There is a somewhat serious report out about the relatively higher prevalence of mental illness, anxiety-related disorders and the like afflicting the legal profession.  As someone with a combined quarter century of experience within the profession, let me decode for you what that means.

First, I write "somewhat serious" because although the issue is serious, the overall message for the general public -- ergo, the customers, that being, many of you as readers -- is what is really important. And that angle is totally ignored!

Second, let's understand something. Customers and clients are looking for solutions. Most often, people want a particular result. Who are we kidding? People want a certain outcome, and the smarter customers realize that they are going through a process involving an opponent, and are trying to achieve the best possible outcome in light of that opposition. It's because of those characteristics that the legal profession can be stressful.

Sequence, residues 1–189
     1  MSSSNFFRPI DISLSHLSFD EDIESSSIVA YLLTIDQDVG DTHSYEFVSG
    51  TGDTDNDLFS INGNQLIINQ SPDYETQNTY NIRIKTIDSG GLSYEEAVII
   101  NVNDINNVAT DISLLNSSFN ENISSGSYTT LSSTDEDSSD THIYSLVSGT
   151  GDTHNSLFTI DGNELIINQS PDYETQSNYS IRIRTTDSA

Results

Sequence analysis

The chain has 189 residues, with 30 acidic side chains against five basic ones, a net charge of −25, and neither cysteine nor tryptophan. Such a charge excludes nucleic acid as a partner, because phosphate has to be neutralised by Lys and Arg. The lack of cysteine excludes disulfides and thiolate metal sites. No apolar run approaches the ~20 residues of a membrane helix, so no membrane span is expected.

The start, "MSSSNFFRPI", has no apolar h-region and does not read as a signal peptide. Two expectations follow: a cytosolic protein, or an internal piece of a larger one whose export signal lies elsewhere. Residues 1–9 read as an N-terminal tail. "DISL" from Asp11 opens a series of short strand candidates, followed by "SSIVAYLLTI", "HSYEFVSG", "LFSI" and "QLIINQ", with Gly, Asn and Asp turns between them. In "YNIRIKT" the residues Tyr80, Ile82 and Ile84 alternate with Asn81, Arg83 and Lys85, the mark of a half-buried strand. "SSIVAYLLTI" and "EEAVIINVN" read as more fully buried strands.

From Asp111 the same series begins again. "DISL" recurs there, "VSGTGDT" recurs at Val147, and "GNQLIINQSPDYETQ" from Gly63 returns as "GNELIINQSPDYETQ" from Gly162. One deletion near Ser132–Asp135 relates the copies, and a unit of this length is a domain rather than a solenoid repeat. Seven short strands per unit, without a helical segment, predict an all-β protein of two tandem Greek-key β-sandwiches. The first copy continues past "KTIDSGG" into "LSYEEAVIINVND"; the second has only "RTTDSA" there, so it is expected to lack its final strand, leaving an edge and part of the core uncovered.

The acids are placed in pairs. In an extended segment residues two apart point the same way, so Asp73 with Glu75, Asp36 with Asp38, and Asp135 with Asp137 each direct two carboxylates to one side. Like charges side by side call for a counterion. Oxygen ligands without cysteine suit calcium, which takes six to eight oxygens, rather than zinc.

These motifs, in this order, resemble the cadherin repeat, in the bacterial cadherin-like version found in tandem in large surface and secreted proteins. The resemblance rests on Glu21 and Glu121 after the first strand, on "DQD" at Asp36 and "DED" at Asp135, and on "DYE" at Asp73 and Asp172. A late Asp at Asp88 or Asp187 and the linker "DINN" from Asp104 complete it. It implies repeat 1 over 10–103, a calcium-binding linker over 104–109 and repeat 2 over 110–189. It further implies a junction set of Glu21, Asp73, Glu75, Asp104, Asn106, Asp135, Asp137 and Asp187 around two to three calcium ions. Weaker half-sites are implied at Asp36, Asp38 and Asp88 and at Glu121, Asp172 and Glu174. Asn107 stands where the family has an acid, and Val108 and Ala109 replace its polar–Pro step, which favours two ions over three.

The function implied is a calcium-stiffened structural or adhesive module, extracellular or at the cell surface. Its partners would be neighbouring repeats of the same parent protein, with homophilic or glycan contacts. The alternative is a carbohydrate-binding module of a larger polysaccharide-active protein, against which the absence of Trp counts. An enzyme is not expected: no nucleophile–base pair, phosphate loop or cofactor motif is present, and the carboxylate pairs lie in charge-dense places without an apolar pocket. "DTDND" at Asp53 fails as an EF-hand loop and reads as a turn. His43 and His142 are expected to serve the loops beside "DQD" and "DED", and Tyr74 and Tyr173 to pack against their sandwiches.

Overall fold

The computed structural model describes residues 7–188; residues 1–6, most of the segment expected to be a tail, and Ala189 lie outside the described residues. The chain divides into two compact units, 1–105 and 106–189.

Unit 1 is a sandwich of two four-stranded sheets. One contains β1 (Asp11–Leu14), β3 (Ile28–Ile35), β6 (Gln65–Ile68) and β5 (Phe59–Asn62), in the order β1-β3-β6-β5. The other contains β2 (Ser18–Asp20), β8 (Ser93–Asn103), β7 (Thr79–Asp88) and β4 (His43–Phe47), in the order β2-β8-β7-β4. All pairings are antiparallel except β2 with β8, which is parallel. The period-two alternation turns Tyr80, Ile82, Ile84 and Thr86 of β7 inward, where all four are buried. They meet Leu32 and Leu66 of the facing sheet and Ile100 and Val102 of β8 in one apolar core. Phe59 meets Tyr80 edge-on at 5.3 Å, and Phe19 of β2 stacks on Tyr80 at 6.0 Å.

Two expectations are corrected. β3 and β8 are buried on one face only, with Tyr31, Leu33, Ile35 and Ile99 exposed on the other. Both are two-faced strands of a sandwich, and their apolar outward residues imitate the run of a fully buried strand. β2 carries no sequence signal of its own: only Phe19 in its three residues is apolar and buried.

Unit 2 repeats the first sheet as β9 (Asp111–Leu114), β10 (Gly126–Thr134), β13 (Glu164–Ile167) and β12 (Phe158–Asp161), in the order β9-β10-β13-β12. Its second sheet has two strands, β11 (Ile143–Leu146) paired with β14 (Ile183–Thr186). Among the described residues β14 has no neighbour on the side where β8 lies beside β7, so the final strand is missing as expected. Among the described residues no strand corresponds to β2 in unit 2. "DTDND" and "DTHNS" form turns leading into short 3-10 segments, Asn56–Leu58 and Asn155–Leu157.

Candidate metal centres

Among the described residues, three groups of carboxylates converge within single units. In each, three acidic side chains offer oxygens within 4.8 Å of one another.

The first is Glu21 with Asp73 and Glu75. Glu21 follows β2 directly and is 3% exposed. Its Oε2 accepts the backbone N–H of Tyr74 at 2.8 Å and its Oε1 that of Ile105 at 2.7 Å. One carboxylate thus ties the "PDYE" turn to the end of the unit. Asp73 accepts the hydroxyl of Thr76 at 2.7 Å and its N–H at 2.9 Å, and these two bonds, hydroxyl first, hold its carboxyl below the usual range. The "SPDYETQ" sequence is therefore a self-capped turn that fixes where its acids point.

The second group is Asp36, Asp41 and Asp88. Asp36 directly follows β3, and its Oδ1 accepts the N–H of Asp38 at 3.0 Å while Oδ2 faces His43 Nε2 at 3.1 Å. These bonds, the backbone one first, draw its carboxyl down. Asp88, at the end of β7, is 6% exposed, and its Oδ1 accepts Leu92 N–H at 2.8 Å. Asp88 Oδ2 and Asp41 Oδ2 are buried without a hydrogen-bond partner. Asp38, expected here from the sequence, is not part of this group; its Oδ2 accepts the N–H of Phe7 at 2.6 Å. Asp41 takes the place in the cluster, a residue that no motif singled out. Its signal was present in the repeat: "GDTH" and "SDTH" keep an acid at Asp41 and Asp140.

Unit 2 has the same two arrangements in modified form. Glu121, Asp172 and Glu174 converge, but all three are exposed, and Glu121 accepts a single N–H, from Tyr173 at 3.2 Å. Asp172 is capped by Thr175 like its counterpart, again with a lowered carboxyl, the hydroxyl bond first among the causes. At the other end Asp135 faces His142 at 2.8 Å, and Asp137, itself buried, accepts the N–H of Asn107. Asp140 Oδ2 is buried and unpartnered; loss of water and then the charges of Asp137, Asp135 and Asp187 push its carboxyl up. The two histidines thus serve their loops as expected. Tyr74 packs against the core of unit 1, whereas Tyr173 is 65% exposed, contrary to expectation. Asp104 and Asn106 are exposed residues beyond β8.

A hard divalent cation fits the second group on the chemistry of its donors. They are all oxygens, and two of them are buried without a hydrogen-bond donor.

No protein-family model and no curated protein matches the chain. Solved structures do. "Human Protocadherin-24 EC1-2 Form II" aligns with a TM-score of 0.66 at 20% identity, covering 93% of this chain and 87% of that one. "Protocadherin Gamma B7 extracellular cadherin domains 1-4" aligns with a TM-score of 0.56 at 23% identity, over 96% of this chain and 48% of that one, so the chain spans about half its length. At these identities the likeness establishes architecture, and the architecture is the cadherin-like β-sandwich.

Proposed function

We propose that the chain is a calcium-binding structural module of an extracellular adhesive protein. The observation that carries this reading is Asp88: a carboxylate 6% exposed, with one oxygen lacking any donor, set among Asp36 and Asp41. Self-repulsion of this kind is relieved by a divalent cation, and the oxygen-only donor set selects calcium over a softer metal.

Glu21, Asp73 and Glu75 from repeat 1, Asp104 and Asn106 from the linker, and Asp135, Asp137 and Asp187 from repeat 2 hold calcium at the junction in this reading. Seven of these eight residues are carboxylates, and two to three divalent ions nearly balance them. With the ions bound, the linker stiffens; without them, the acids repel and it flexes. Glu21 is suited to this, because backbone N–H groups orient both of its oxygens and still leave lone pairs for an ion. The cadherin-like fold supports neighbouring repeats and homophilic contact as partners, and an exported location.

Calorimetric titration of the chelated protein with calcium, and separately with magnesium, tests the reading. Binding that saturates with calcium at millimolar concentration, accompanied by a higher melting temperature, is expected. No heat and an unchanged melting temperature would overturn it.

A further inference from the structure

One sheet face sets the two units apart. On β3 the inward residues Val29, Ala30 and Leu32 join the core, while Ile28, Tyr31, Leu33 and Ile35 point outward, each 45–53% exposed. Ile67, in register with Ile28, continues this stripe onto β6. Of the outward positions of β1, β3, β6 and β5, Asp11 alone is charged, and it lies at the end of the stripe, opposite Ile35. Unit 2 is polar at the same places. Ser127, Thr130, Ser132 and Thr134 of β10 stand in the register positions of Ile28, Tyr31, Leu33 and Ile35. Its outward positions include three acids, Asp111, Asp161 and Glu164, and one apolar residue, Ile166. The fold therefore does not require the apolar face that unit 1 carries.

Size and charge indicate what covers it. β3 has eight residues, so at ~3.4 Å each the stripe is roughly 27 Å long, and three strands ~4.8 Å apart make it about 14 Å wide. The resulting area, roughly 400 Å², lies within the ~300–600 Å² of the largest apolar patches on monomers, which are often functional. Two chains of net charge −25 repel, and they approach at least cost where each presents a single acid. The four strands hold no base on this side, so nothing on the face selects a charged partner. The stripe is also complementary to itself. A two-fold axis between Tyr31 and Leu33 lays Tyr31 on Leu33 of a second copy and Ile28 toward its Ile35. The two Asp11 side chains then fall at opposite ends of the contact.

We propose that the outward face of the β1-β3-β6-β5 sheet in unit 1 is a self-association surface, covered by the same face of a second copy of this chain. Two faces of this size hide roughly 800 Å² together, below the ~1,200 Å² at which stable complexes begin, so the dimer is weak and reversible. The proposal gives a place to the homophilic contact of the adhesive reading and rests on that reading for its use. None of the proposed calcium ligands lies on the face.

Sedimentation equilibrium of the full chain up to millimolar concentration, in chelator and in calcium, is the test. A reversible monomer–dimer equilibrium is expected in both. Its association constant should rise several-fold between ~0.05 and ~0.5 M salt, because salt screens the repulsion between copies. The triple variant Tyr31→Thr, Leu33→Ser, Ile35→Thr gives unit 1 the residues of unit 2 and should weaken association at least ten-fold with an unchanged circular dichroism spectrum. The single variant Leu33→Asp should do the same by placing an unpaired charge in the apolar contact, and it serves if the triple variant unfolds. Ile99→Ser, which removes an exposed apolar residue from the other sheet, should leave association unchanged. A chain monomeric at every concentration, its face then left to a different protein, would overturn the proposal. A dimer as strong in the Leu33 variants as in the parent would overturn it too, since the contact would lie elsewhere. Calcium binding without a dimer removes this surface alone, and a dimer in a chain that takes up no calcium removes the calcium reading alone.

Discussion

You see, the legal profession is all about managing an adversarial, contentious process whereby people are trying to assert, or defend, their rights, whether those rights are their civil rights, constitutional rights, privacy rights or property rights. (Most disputes involve those four. You undoubtedly will name others.)

The nature of the business of lawyers, the settlement of disputes, is not pleasant. Most people hate, and in fact cannot, handle their disputes. That's why lawyers are hired. Lawyers are the unarmored gladiators, the mercenaries for hire. 

In short, lawyers get paid to do what most people cannot or will not do for themselves. It can be unpleasant work,  grueling, tiring and exhausting -- and that's when you win. 

As for reputation and status, that is the thinking of the 1980s. It is questionable whether lawyers (or accountants) have the same professional patina they may have enjoyed a generation or two ago. There are undoubtedly those who are in the industry because of its perceived (or so they think) status, and likewise, countless others who despise lawyers for that status. All of that thinking is at least 20-30 years behind the times.